Why Gatton has a relatively high chance of a wet winter
IT’S the news everyone has been hoping for – we could be in for a wet winter.
The Bureau of Meteorology’s winter outlook was released this week, and the map is awash with blue.
Acting senior climatologist Jonathan Pollock said the chances of a wet winter for the region were extremely good.
“As we move into June and into winter, the outlook is showing very high chances of above average rainfall for most of the country, and that includes the area around Gatton,” Mr Pollock said.
“The odds for Gatton are about 87 per cent – so quite high chances.”
The positive outlook is down to shifts in temperatures in the Indian and Pacific Oceans.
The Indian Ocean Dipole, a major climate driver for Australia, had been in a strong positive phase for much of the past two years – causing hot, dry conditions.
But Mr Pollock explained the IOD had all changed in the past few months.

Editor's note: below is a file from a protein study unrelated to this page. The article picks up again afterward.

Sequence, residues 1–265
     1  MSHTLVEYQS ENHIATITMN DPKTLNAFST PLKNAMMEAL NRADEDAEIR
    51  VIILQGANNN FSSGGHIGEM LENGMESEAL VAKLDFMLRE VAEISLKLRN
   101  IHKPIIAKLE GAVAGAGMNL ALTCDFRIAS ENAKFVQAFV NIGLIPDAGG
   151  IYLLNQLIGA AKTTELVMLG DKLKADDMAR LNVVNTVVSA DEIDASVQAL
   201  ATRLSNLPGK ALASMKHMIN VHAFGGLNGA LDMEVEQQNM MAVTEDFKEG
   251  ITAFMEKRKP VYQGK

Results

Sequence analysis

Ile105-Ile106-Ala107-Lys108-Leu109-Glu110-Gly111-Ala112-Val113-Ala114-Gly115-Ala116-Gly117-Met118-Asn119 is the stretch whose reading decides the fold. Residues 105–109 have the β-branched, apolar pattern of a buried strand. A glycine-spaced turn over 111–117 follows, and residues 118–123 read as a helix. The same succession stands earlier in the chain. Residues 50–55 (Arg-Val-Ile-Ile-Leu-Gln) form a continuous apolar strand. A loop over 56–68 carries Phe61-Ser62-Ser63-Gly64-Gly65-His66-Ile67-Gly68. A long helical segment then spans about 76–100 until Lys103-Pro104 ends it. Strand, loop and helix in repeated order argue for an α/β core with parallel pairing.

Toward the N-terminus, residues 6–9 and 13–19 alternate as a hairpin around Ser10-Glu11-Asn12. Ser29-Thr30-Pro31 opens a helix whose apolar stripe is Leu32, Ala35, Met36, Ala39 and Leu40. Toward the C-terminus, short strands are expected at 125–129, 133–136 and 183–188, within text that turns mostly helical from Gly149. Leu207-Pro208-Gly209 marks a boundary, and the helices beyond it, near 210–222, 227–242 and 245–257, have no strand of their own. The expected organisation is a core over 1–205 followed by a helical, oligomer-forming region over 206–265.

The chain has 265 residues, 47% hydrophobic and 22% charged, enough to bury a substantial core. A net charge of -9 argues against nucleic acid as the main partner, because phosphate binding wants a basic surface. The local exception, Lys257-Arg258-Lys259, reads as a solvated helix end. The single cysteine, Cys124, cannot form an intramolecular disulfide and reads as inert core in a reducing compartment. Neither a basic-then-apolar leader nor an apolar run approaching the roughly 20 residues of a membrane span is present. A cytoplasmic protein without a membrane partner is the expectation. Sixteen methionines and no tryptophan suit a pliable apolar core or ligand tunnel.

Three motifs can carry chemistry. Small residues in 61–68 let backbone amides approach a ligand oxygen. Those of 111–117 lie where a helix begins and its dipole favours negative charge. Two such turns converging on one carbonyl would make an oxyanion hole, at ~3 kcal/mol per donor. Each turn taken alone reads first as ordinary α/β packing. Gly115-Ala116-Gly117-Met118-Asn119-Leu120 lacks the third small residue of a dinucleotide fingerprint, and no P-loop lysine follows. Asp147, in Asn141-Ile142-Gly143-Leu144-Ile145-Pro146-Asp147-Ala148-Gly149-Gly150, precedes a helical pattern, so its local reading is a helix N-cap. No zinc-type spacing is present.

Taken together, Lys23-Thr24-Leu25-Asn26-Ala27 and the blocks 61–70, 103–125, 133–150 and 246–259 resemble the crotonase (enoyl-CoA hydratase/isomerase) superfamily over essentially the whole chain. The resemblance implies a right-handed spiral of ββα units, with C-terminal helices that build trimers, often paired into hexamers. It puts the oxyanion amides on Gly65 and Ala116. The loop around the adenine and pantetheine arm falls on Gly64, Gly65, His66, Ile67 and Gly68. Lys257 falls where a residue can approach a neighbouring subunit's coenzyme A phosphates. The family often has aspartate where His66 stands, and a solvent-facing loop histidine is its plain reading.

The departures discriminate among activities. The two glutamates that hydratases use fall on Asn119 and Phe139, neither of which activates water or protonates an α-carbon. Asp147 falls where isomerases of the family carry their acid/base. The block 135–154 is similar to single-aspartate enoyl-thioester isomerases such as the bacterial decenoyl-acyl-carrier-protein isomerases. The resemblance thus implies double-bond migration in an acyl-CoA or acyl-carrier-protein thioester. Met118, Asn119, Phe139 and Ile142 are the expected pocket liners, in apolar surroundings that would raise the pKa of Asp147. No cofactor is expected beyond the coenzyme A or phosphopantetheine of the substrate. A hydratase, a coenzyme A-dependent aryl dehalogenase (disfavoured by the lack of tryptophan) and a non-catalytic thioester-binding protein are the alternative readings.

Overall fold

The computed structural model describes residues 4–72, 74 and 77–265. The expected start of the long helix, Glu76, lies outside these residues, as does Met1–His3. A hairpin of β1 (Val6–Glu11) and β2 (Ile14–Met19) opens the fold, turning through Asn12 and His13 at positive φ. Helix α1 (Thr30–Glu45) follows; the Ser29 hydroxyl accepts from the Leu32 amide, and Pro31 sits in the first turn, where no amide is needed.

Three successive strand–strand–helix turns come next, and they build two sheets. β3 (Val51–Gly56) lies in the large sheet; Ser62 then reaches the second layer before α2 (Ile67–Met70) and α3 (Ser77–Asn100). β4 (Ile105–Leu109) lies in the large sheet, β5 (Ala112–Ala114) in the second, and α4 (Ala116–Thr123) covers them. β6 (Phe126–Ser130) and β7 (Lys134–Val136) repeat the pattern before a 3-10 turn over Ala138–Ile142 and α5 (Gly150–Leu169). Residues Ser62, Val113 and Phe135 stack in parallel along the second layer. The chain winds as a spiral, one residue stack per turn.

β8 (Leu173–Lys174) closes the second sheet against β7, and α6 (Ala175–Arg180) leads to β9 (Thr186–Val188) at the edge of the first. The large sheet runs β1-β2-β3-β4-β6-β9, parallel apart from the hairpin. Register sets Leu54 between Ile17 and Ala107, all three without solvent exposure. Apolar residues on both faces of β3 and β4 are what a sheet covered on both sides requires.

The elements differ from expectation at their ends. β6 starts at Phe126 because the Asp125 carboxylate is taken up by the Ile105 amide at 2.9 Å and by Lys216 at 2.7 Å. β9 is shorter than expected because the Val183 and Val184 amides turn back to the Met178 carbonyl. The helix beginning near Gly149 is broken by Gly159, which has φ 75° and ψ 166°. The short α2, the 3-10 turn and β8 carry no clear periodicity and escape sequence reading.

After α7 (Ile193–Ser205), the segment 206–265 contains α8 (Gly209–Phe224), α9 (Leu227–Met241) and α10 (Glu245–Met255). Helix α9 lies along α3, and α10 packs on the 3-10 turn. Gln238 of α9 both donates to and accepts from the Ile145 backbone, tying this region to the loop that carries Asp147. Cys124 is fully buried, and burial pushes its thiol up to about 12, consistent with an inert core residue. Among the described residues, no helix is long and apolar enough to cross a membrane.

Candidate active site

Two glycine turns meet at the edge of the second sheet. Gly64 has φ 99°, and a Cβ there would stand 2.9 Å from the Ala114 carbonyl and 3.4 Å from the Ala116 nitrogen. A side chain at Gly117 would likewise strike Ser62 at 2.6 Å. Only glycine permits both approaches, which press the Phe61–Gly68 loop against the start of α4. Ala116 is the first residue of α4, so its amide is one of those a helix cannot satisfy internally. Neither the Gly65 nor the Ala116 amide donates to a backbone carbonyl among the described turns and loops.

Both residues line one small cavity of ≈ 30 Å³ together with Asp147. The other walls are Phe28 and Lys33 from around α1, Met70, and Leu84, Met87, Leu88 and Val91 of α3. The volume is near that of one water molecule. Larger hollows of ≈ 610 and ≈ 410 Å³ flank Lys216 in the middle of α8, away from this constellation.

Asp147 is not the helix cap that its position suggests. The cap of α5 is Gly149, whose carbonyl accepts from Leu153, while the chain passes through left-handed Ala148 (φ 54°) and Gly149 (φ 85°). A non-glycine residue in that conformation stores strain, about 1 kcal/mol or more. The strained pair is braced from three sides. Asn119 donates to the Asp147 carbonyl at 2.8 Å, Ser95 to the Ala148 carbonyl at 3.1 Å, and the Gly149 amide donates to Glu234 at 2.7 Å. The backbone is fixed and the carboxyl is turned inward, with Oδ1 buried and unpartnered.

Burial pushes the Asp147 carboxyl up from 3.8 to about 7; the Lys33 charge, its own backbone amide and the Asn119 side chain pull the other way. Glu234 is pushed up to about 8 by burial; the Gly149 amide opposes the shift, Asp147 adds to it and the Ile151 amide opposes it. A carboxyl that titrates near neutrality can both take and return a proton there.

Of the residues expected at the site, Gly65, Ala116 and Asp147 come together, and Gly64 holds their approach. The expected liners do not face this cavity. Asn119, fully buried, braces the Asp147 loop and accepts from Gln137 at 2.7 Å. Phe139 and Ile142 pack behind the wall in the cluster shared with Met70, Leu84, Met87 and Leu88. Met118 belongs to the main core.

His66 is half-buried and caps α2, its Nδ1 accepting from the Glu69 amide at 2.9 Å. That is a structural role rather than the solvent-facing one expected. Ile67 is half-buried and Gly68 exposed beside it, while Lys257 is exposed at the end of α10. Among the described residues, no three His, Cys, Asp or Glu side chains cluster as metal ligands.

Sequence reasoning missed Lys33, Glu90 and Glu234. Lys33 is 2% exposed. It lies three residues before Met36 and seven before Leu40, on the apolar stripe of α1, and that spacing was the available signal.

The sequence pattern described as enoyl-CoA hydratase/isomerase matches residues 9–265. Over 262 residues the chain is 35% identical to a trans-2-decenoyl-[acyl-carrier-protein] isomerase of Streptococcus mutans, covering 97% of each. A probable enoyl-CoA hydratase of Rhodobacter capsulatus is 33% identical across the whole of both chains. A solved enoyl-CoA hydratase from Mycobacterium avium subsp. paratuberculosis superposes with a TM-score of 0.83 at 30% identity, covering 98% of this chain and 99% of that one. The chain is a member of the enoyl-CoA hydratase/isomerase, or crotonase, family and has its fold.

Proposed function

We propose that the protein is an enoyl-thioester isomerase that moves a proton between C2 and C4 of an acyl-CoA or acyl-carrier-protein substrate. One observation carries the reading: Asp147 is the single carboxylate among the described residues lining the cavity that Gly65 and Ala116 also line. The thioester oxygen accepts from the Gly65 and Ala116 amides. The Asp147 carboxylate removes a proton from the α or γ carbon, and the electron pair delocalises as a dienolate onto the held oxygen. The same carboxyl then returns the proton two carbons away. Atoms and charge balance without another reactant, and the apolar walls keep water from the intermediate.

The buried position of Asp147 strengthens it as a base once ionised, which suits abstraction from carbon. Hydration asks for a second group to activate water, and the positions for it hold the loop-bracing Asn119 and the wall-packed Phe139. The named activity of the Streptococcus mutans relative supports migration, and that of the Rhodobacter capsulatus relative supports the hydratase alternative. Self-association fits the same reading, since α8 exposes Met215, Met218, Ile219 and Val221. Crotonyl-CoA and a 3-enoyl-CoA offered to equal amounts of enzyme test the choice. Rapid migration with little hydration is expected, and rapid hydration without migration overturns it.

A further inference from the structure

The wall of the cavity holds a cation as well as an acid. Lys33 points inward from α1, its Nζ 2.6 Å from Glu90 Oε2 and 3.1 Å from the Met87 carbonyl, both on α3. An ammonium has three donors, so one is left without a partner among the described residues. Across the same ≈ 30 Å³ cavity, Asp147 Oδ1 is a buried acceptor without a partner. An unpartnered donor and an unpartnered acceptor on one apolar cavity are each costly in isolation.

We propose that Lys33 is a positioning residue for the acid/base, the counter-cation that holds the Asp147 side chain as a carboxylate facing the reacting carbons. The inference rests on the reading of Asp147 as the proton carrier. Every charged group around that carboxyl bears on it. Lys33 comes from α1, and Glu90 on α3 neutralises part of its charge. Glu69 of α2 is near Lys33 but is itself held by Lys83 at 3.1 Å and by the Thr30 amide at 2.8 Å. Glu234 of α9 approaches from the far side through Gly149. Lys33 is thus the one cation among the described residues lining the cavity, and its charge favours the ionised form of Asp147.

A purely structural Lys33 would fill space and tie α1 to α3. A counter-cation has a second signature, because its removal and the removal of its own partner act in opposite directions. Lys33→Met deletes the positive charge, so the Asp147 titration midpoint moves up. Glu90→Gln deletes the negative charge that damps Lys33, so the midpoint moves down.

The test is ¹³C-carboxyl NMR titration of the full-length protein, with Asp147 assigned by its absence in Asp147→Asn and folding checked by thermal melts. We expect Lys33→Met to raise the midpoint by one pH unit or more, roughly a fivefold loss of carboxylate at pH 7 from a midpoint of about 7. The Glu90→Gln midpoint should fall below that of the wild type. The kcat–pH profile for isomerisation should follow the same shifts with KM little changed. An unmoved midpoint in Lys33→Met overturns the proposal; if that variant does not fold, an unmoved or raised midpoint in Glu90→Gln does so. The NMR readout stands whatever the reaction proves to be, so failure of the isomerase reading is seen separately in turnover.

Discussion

“It ended in December, and then the Pacific and the Indian Ocean have both been fairly neutral,” he said.
“But the models really favour a negative Indian Ocean Dipole developing from about midwinter.”
This negative phase has the reverse effect of a positive IOD, significantly increasing the chances of above average rainfall.
Temperatures are also expected to be warmer during both the day and night across the winter months.
Mr Pollock said warmer temperatures were due to a number of factors.
“Part of the higher chance of warmer than average night times is to do with that extra cloud cover we might get, along with extra rainfall,” he said.
“But for maximum temperature it’s a bit more complicated – the other factor that’s in play is obviously the long-term trend of climate change.”
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Models are also predicting the chance of a La Nina event developing in mid-spring, which would increase chances of more rainfall.
But the models aren’t in total agreement yet, and Mr Pollock said there would be a clearer picture of the outlook for spring later in year.